I have long thought myself displaced.
I have lived in the Midwest for a dozen years, pointing out to anyone who would listen that I'm not from around here. I complained about the too hot and too cold weather, the lack of things to do. The lack of mountains and ocean. I'm a Pacific Northwesterner, I would tell people. I like good coffee and own a half dozen flannel shirts. I can change lanes four times in twenty seconds. I don't need an umbrella in the rain.
But do you know how you can tell a place is home?
When your airplane touches down and you're both excited and calm.
Because you're where you belong.
That's what happened Sunday. "Open the window shade," I instructed Brandon. I wanted to watch our descent into the heartland. I had just returned from my childhood hometown but it was here in Omaha that I belonged.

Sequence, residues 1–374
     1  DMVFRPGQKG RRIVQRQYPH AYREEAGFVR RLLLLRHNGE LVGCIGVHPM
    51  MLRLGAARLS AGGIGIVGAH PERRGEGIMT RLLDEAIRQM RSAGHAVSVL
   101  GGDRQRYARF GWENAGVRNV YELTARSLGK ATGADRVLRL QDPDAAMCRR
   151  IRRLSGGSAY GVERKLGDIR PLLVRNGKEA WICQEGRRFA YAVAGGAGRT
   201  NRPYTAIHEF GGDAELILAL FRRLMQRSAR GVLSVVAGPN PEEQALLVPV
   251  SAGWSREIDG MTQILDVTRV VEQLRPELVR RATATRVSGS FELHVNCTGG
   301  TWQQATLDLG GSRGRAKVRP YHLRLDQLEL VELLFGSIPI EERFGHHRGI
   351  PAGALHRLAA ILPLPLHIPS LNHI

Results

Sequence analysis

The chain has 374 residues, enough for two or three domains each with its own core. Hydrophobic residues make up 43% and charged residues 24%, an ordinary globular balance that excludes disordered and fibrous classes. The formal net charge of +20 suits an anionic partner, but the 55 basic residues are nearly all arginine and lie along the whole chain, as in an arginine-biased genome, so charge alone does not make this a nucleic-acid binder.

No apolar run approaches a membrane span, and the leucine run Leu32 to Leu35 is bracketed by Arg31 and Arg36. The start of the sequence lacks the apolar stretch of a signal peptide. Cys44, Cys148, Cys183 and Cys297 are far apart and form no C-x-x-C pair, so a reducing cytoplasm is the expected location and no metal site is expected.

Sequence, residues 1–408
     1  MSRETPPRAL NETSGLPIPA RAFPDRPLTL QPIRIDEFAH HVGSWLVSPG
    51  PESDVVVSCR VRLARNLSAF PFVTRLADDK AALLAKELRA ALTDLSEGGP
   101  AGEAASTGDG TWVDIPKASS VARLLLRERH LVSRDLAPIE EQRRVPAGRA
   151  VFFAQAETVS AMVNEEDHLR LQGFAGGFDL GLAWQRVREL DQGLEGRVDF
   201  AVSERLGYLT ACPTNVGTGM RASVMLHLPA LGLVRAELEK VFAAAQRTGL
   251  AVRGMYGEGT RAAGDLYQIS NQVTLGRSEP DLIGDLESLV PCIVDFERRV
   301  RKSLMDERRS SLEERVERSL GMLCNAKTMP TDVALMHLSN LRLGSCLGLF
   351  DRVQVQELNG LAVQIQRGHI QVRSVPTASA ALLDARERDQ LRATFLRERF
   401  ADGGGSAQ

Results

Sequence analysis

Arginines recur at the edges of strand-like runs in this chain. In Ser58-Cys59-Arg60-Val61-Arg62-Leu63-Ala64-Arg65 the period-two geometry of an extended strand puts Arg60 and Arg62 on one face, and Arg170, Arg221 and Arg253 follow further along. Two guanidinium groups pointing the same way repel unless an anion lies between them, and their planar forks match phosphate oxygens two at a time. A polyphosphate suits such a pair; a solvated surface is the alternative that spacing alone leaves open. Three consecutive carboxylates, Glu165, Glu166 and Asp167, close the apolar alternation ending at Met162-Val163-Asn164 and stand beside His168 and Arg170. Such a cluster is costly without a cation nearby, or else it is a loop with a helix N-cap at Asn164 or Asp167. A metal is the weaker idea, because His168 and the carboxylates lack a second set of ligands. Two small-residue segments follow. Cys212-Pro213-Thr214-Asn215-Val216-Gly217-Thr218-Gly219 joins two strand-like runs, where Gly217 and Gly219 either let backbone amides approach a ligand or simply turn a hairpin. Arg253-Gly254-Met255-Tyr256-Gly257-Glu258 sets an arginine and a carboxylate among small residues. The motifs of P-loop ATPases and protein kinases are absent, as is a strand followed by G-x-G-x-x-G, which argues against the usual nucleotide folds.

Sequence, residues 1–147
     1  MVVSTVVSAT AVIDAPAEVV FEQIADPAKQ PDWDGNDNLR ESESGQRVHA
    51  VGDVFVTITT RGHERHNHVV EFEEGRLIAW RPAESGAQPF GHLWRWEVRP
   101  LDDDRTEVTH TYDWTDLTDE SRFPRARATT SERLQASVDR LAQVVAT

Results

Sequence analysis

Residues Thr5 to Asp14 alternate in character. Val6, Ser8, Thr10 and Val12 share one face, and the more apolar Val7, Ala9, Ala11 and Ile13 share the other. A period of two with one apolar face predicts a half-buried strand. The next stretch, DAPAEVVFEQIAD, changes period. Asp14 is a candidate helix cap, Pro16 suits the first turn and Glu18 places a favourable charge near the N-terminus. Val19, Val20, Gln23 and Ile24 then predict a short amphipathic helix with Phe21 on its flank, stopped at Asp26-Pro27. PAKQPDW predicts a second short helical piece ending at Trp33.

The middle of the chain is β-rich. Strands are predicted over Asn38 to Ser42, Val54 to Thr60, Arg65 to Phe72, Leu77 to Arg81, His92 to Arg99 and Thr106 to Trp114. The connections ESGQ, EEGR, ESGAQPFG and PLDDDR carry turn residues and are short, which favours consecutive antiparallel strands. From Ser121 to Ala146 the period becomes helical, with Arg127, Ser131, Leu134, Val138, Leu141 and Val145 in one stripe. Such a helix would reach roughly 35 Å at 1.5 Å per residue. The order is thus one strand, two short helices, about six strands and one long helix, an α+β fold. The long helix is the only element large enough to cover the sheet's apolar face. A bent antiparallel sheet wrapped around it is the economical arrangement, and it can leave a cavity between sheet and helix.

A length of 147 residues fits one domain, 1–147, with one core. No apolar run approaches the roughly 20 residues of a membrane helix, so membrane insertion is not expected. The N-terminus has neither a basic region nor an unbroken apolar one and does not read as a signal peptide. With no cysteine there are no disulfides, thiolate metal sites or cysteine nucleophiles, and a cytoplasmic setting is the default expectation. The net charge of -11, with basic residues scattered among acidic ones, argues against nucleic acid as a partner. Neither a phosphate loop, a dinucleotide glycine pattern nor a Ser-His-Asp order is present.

I was giddy to see my friends, to sink into my clean apartment, open a book, catch up my journal. I was excited to exhale, to live in my own space, the space I've created because I needed it.
My Pandora station is pumping out feel-good oldies and Holden is playing his iPad and the washing machine is churning and the sun is filtering in the window and my coffee is warm and I am at my computer, residing as myself, comfortable.
I'm learning to redefine what I thought I knew. Home, for example, is where you are at ease. In some cases, where you reside is not that place. But I have finally made mine one and the same.